Public Radio and Television in America: A Political History
SAGE Publications, 1996 M04 22 - 342 páginas
The origins and evolution of the major insititutions in the United States for noncommercial radio and television are explored in this unique volume.
Ralph Engelman examines the politics behind the development of National Public Radio, Radio Pacifica and the Public Broadcasting Service. He traces the changing social forces that converged to launch and shape these institutions from the Second World War to the present day. The book challenges several commonly held beliefs - including that the mass media is simply a manipulative tool - and concludes that public broadcasting has an enormous potential as an emancipatory vehicle.
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This is not to say that KPFA represented an accommodation with the status quo . The opposite was the case : KPFA represented a radical model for a nonprofit , community - based radio station operating outside the parameters of 44 PUBLIC ...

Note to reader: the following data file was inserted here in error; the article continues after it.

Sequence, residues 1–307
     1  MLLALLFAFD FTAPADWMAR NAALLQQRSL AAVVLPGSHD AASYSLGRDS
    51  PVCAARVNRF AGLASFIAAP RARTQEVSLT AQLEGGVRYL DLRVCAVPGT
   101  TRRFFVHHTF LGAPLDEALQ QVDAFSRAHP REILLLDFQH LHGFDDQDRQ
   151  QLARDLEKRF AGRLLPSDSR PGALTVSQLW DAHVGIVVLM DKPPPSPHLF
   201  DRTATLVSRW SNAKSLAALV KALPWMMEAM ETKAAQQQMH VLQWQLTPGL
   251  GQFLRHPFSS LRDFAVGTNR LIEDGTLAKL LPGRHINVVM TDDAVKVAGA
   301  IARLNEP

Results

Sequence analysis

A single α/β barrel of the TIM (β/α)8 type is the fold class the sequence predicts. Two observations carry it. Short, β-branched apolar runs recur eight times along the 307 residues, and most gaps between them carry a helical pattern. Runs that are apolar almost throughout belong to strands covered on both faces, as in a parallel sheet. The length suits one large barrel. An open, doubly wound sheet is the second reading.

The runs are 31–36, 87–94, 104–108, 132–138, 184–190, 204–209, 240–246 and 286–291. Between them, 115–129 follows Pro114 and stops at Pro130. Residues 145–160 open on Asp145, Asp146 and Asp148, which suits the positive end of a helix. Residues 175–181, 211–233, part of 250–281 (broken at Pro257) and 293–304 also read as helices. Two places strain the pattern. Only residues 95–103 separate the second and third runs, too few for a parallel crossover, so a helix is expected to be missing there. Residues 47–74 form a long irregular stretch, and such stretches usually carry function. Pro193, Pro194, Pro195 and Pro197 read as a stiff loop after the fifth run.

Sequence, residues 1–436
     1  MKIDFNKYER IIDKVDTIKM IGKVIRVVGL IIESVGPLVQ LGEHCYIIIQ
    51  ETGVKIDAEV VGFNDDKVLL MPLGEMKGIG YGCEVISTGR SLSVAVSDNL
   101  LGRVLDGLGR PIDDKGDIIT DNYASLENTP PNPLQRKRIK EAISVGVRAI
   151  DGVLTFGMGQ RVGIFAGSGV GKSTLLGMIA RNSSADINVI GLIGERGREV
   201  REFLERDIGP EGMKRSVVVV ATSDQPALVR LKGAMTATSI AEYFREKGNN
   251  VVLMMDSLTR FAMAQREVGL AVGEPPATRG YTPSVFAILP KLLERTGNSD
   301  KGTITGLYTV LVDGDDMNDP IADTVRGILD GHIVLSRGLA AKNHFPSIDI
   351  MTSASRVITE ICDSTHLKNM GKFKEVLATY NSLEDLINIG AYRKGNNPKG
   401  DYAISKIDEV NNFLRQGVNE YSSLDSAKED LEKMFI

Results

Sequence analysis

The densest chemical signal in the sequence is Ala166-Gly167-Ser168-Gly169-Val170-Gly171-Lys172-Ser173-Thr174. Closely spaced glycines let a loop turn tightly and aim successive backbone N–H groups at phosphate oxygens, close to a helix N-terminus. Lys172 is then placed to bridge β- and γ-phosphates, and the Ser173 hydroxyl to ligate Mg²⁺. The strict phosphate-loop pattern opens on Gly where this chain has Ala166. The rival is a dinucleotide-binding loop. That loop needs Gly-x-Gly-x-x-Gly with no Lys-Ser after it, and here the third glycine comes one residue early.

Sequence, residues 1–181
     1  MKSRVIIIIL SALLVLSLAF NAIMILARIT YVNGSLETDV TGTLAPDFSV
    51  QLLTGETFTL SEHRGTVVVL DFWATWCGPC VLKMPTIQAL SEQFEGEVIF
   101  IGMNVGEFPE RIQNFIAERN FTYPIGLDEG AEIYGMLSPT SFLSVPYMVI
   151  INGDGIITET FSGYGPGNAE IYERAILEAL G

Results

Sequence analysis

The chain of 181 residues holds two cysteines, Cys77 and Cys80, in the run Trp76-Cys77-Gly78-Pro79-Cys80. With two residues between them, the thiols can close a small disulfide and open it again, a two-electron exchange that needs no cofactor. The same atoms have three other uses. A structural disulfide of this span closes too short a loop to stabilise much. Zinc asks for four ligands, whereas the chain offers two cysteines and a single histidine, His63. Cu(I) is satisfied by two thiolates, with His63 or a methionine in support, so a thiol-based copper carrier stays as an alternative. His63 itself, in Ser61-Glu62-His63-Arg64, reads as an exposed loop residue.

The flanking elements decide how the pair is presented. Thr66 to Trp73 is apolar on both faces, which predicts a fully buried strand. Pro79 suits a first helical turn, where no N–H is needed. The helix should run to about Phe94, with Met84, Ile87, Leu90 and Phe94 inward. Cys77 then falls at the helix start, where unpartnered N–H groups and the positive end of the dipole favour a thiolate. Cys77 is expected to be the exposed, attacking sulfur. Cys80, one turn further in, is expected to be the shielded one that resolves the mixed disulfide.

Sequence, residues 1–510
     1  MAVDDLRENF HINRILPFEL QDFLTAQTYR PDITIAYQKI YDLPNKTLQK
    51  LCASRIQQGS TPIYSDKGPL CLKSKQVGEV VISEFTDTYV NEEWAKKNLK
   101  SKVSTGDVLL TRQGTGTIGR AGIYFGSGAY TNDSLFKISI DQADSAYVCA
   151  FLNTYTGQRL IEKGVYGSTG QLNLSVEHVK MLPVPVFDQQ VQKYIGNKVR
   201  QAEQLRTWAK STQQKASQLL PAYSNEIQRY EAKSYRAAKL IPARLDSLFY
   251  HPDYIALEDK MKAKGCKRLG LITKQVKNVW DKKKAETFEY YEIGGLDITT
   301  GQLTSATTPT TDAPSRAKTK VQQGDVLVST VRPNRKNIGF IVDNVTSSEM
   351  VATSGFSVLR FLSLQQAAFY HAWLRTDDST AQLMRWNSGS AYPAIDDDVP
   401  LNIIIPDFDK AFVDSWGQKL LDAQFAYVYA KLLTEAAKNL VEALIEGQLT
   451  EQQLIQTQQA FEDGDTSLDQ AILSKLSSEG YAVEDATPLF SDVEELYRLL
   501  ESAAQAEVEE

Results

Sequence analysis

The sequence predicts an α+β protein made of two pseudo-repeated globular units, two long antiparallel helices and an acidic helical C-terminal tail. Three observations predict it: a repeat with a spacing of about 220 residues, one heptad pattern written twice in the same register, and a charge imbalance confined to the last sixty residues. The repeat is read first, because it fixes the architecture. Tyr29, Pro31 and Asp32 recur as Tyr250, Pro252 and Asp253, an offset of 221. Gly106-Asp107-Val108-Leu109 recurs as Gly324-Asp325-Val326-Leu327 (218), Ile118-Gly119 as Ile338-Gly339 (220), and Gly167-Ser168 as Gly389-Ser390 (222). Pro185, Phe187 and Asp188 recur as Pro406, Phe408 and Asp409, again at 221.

represented the first explicit expression of federal responsibility for noncommercial broadcasting ” ( Head , 1972 , p . 379 ) . The process of federalization , the shift from foundation to government patronage , was under way .
184 ) Groups represented in the Advisory Council of National Organizations , established to lobby for the CPB , were denied meaningful participation in the public broadcasting system . In the mid - 1970s , important constituencies ...
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The Public Origins of American Broadcasting
The Defeat of the Broadcast Reform Movement of the 1930s
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